I have never been to a dietitian, but both my best friend and fiance have for different reasons. When they went to their respective dietitians, they were both told they knew more about food and healthy eating than most people and already had a lot of good habits in place. When asked how they knew so much, they both credited me - when I lived with my best friend and now with my fiance, I did/do most of the cooking, meal planning, and am general nutrition guide for both of them.

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DISCIPLINE_DOES 5/13/2013 12:42PM

    I'm glad she could give you practical ways to look at and adjust what you're doing instead of giving you a set of rules. It's nice to not feel boxed in!
I too have my worst craving time after work. I've started taking some grapes along to eat between work and workout, and I take almonds and raisins to eat between workout and home. It's been making a huge difference!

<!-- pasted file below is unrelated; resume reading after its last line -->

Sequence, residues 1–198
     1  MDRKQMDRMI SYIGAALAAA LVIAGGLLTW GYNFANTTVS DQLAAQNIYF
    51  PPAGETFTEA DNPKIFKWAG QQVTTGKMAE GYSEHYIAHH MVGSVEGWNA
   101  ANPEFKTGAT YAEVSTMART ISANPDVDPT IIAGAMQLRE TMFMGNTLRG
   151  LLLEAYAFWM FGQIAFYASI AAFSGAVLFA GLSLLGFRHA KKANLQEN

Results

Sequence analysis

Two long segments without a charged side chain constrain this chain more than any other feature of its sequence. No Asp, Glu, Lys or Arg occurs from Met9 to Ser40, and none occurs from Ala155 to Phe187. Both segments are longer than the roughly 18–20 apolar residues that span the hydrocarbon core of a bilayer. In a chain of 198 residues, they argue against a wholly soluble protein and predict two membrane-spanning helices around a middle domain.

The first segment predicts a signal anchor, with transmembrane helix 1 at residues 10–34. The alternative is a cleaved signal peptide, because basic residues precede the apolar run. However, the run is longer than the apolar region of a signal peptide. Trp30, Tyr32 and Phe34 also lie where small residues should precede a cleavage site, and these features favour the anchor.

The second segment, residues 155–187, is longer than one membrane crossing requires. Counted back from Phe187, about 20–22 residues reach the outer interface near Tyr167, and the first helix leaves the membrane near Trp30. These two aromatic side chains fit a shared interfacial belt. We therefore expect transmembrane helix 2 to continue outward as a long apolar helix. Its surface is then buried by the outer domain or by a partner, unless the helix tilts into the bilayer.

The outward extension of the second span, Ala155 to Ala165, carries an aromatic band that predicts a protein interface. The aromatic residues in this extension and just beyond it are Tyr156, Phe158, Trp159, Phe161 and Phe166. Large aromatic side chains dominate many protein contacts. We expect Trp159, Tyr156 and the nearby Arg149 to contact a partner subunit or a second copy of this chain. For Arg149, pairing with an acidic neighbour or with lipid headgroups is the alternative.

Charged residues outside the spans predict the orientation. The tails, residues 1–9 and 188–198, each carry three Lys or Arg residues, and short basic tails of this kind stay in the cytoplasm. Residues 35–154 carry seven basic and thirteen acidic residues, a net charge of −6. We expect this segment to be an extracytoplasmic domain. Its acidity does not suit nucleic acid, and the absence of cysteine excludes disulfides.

I'm still eating crap during the day, but working on that. emoticon
I hope you can get in a groove that suits you!

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CC3833 5/13/2013 12:11PM

    Interesting. Simple easy ways to make a healthy decision. I like it. I think I am going to try to get at least one fruit or veggie at each meal. I also like that she is being practical.

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ELIDET 5/13/2013 12:03PM

    Snacks for me were the biggest calorie suckers, too.

When I crave chocolate now, I eat apples with peanut butter instead of a Snickers! It was enough for it to make a difference.

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WENDYASEDBERRY 5/13/2013 11:48AM

    It sounds like your dietitian is awesome! I am on a program that includes a weekly visit with a dietitian and I think it is awesome! I have NEVER been one to really pay attention to what I eat or do and she has been awesome to assign me tasks (aka homework) and then she has helped me start making new habits. She even helps talk about the emotional eating that I have been so bad at doing. I wish I had gone to her years ago! :) I'm so glad you have a good one too!

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SHANNONY84 5/13/2013 11:41AM

    I hope you can get a plan and get going on it! Keep sparking!